Tag Archives: Halloween

Unreliable Witness

internet-archive-book-imagesThat shabby little house sat back off the road behind trees limbs so dense they hid it from the sight of any passersby. You could only catch a glimpse driving by slowly in the wintertime or after the leave began to fall. Faded clapboards on the exterior looked nearly pink with age and negligence. The place resembled a shed with dust mites and rusted lawnmowers inside instead of anywhere a human being might sleep.

No one saw the accursed man who lived there, though. People said he got riled easily when kids snuck around there after dark, which many of them did on a dare at Halloween time. Smeared window panes kept people from seeing inside, though many children tried to look.

“We didn’t think he was there. Looked empty to us,” the older, Darius, later told the police officer. “That old dude snuck up on us – not the other way around.”

Those Barton boys lied so much, police officers didn’t believe the tales they told afterward. Juvenile delinquents, all of them. Having crack-head parents meant they spent a lot of time in foster care. Even though they grew up hard, they’d rend even the best situation into an utter mess. Wound up in juvenile hall over the incident at the house.

Even the most craven of people from town knew what happened was wrong. That old man should’ve been left to himself out there. Unfortunately, the Barton brothers either didn’t know any better or didn’t care.

“It was like something from a spooky campfire story,” the younger brother said later. “We went in through the back door ‘cause it was unlocked. So Darius said it was okay.” Dale worshipped his older brother and did whatever he instructed. The cops released Dale back to the foster parents, deciding he was too young to be held culpable.

Through all the denial from Darius, Dale told the truth. “He was waiting behind the door when we went in the kitchen. Smelled horrible, like he never took a bath. He breathed all over my face when he grabbed me.” Dale sobbed as he recounted the details, kept begging to see Darius.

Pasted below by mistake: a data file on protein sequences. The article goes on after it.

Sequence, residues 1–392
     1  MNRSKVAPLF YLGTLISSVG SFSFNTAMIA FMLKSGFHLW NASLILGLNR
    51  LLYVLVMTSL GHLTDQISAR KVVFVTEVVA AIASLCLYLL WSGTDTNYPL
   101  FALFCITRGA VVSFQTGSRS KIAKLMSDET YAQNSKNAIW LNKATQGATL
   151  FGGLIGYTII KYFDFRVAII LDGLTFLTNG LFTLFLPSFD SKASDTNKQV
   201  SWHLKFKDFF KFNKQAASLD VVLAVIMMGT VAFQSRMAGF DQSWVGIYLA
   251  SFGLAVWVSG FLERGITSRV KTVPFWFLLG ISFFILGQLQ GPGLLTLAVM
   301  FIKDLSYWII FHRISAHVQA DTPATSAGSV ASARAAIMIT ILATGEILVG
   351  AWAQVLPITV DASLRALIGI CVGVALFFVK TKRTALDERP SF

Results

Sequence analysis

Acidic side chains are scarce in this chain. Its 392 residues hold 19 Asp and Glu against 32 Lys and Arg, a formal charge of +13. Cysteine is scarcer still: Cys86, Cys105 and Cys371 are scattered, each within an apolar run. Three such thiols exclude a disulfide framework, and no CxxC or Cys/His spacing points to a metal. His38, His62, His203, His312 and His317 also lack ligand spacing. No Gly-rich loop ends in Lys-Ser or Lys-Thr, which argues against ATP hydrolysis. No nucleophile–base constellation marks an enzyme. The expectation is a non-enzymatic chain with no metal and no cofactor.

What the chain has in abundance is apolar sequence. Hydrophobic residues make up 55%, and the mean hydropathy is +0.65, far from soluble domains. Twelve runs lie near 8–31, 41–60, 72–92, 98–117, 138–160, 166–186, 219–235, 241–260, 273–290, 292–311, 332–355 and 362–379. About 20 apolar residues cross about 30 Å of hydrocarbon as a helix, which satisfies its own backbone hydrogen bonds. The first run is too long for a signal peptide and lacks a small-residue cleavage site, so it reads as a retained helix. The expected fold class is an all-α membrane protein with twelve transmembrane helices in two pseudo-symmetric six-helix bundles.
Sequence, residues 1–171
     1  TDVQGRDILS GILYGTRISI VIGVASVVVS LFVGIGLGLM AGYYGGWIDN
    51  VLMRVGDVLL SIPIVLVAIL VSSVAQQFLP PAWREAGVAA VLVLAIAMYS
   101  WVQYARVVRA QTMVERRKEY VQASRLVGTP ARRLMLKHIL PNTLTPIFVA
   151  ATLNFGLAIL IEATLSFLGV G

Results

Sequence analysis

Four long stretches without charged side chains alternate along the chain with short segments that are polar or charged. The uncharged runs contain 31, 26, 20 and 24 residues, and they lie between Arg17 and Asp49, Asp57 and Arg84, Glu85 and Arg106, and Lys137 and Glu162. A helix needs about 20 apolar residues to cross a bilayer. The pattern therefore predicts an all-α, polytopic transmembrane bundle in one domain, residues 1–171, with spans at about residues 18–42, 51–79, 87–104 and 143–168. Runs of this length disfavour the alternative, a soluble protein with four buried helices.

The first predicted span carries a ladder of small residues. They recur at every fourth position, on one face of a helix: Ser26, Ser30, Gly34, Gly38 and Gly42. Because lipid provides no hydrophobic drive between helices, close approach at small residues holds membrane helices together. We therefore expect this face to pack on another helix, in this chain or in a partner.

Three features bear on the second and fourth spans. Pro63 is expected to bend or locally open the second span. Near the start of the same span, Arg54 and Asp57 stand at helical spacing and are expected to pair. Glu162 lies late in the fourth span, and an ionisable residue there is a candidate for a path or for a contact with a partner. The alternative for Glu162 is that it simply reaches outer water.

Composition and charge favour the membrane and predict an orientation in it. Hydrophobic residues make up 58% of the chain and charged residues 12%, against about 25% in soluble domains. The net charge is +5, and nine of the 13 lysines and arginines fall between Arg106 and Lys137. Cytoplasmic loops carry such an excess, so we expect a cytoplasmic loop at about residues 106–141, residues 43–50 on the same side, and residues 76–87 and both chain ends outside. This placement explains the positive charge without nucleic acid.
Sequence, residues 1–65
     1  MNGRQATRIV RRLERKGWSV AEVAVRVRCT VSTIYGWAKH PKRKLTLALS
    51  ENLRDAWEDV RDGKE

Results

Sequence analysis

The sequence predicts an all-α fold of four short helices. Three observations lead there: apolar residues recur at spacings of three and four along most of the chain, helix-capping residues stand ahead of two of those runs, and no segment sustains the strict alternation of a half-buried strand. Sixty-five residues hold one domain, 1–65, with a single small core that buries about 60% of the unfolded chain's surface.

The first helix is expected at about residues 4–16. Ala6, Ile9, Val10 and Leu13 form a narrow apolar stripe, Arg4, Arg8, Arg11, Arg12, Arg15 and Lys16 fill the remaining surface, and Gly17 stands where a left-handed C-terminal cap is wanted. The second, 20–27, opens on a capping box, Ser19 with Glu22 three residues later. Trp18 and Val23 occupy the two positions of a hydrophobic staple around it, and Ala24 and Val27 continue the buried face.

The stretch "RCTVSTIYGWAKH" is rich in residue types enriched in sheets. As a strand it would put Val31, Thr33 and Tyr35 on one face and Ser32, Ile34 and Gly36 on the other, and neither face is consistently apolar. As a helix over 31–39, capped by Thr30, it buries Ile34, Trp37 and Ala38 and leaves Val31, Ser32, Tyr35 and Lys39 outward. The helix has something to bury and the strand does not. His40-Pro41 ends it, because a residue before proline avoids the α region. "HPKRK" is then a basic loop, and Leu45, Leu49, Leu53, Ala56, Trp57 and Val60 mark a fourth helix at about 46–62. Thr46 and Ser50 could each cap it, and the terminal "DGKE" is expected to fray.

“My brother hit the old coot to make him let me go. Darius told him to, but he wouldn’t do it.” His big eyes pleaded with them, gray crescents hollowing his face even more than fear but had no more impact than to accentuate the weariness of such a young child.

“It was so gross in there. Smelled like something dead,” he told them. “Something on the floor made it slick. That’s why they slipped and fell. That’s why that old man hit his head on the counter. Darius didn’t do it.”

The foster mother had to practically drag Dale out of the police station without his brother. Interrogators doubted such an elderly man posed much of an imposing threat, which cast doubt on the boys’ version of the facts. Officers said he might not make it through the night to tell his own side of what happened.

Dale cried even harder when they drove past the house on the way home. He blinked back tears and coughed through gasping bouts of trying to breathe.

Every light had been extinguished when emergency vehicles left there and the ambulance departed for the hospital. The place was different when Dale looked at it from the passing car. A pole barn light behind the shack was illuminated, which cast an eerie glow around its entirety and backlit the interior through its darkened windows.

Dale knew what he saw. Someone stood behind that grimy front glass, and the person seemed to watch their car. Everyone knew that old man lived out there alone. Though he’d been taken for medical treatment, someone was still in that house. Dale saw it that night, but no one believed him. He’d never pass the house again in his life.

He told his brother about it years later when Darius was released from serving time for manslaughter plus breaking and entering. He believed Dale. They’d been inside that house, and both boys knew better.

*Studio 30 Plus writing prompt – accursed s30p

image: Internet Archive Book Images via Flickr


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No Trespassing


Weeds grew high enough to almost completely obscure sight of the decrepit house from the road. Vines crawled up the windows and kept whatever lurked there out of view if anyone dared traverse the length of driveway and spy inside the grimed-covered windows. Decades of cigarette smoke left a yellow filth to glaze the panes, almost as if on purpose. An unsuspected outsider might peek into the lives of the building’s former residents and gain insight into their previously secret details.

Those intimacies were likely best hidden away, out of the visual perception of an otherwise unknowing public.